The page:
Survey: Few ACOs Ready For Financial Risk

Few hospitals interested in becoming accountable care organizations are ready to take on financial risk, according to a survey released Friday from The Commonwealth Fund.

“We’re really still at the very beginning of the adoption curve of the ACO model,” says lead author Anne-Marie Audet, who researches health system quality and efficiency at Commonwealth. “The challenge is that hospitals are still not ready to assume financial risk.”

ACOs are networks of doctors and hospitals that take financial responsibility for managing the health care of a specific group of patients. If the networks lower the overall health care costs of their patients while also improving the quality of their care, they can receive financial rewards.  For example, an ACO might focus on making sure that patients with chronic conditions like diabetes and high blood pressure get the preventive care they need to stay out of the hospital.

There are already 154 ACOs serving nearly 2.4 million Medicare beneficiaries, and dozens more ACOs are involved in partnerships with private insurers. But so far, the majority of ACOs are pursuing models that allow them to share in any savings they achieve without losing money if they fail to cut costs. In other words, there’s a lot of carrot but not much stick.

The Commonwealth Fund report suggests that’s likely to continue, though hospitals are making advances in how they manage patient care. The nationwide survey of nearly 1,700 hospitals measured hospitals’ readiness to participate in ACOs. It was conducted in September 2011, before the federal government released final rules for the Medicare Shared Savings Program. The survey had a response rate of 34 percent.

Thirteen percent of respondents reported that they were either already participating in an ACO, or planning to participate in the next year. Of these, almost three-quarters reported sharing clinical information between care settings, such as the hospital and primary care practices. More than half reported calling patients within 72 hours after discharge to follow up. And nearly 85 percent have information systems to track how patients use health care services.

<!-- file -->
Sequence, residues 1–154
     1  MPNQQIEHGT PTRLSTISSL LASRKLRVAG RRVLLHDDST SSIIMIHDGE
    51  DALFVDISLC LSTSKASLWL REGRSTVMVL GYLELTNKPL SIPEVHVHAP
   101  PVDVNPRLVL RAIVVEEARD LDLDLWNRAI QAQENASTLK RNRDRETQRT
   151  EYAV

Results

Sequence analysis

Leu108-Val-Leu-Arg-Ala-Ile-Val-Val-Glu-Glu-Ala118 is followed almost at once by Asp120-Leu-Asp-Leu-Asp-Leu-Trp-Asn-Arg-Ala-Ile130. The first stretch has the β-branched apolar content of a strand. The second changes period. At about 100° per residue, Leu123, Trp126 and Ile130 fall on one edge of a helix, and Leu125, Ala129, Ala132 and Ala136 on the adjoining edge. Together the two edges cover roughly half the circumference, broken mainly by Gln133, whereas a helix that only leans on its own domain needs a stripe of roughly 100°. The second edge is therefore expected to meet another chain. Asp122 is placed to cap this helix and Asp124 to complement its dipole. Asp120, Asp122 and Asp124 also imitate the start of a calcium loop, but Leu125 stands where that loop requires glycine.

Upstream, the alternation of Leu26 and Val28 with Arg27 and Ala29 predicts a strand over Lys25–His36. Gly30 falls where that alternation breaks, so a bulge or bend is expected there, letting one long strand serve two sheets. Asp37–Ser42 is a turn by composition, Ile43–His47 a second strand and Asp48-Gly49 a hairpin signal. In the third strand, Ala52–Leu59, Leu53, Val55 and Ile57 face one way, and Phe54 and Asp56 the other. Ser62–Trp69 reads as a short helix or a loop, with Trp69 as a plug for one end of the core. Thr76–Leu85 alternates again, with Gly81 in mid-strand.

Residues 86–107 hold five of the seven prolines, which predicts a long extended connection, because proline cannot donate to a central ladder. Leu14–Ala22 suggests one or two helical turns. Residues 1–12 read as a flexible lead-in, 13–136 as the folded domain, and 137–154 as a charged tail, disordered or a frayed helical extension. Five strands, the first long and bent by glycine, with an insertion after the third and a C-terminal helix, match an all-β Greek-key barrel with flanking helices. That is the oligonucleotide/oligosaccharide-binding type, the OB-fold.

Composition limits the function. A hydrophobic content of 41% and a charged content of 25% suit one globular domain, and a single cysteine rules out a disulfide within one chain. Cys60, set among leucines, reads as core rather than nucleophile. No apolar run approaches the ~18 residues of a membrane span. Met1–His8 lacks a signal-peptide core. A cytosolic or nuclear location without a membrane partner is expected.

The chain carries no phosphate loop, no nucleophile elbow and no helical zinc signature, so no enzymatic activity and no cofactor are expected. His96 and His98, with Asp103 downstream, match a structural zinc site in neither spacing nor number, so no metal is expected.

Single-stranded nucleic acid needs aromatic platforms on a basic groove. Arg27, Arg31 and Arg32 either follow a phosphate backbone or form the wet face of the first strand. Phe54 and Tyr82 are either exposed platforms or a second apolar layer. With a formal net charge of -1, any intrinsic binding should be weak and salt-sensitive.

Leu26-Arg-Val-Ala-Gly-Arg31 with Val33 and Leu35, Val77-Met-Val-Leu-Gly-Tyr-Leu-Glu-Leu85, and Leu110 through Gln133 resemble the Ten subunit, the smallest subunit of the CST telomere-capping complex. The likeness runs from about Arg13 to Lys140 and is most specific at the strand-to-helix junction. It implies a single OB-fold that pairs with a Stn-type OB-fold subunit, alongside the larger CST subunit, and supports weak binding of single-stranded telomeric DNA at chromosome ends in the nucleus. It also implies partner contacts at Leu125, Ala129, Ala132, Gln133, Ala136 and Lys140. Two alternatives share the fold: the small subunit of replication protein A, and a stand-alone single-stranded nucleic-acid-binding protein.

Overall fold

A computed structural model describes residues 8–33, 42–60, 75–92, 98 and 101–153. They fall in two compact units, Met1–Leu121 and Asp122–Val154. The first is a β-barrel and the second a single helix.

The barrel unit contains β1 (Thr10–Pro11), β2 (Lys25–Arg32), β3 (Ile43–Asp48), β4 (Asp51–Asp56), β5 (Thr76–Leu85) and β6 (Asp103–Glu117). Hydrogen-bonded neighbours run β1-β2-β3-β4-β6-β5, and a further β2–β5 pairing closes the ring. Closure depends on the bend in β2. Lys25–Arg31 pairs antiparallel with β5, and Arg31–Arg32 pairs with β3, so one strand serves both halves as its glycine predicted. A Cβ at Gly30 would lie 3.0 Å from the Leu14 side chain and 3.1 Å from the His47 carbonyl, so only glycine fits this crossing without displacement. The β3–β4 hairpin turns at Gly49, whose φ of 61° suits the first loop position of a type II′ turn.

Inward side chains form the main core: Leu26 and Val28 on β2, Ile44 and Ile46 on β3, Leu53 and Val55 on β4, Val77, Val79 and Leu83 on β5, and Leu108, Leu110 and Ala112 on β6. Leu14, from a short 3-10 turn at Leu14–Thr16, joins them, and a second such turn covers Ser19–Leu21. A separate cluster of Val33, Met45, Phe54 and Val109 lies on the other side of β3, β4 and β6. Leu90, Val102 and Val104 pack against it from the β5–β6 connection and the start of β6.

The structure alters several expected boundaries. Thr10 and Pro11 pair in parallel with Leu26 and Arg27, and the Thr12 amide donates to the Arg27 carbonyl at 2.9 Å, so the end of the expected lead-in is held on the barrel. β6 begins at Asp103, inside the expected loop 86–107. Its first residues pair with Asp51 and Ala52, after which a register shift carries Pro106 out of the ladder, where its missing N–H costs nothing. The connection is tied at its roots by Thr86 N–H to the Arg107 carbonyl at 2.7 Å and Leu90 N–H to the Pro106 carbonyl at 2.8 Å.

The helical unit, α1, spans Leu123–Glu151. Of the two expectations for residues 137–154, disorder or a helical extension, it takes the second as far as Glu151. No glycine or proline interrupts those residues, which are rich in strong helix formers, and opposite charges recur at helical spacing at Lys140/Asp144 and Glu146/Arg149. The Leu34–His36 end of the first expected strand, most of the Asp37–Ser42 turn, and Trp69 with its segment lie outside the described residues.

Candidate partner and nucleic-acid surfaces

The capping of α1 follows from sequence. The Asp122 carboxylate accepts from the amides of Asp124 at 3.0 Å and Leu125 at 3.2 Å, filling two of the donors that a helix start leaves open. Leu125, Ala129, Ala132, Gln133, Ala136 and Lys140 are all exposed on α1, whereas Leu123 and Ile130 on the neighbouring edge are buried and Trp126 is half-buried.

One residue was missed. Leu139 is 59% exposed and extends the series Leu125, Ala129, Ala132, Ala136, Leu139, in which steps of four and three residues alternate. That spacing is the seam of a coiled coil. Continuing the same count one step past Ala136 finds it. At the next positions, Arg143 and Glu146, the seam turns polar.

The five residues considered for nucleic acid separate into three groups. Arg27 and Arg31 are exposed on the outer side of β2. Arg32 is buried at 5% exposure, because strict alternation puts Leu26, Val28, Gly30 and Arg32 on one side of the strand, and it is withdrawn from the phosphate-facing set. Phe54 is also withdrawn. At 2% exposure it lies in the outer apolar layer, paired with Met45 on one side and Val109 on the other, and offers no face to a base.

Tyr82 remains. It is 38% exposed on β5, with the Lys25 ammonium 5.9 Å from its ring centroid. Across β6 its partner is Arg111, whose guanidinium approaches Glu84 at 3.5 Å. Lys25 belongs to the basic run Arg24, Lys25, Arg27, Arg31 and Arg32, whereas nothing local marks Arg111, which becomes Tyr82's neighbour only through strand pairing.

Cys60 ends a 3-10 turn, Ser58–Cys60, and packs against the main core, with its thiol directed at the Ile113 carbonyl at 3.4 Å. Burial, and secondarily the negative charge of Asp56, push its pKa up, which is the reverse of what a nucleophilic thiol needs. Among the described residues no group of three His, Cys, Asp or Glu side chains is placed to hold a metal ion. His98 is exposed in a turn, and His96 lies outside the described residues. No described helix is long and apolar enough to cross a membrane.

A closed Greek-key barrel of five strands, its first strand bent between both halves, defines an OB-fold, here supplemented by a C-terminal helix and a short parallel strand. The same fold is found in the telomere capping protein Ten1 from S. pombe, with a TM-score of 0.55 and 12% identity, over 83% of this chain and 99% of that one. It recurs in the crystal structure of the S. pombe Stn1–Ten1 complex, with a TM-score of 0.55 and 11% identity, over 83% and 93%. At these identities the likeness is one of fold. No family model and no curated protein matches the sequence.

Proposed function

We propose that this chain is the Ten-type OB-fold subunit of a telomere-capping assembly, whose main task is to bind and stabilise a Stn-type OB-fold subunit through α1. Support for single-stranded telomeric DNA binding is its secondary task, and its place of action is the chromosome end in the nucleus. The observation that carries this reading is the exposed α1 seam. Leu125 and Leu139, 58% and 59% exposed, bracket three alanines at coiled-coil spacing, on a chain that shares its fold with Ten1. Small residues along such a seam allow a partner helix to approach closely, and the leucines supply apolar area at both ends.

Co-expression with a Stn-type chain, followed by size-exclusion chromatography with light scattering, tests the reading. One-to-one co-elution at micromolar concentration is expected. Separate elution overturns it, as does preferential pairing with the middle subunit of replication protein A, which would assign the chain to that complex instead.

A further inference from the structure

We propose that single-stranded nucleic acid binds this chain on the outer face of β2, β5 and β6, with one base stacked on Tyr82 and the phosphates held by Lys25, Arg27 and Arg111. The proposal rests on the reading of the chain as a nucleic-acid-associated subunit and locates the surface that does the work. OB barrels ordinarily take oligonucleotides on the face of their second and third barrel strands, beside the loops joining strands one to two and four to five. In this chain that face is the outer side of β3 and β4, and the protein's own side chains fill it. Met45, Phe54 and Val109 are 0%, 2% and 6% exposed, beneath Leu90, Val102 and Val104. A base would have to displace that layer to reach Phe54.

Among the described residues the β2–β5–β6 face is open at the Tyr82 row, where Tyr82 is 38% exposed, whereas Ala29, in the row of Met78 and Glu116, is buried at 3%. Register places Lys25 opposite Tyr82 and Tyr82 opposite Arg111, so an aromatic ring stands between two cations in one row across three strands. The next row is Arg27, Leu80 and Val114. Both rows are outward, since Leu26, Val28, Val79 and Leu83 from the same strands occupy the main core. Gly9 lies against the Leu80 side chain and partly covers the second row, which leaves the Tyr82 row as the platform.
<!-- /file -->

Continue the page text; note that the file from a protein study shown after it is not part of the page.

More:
But only one in five hospitals pursuing an ACO model reported that they were using data to predict which patients were most likely to be in poor health and need more services—a significant gap in their ability to manage risk, says Audet.

“If you want to be able to manage financial risk, you have to be able to determine who in your high-risk population who will need more care-management,” Audet says.

Audet says there might be an upside to the relatively slow start ACOs are having. “In the ’90s, one of the factors that led to the failure of the HMO model was that a lot of organizations were forced to assume financial risks when they weren’t ready,” says Audet.   “That’s an area where we still see gaps, and we need to pay attention to that.”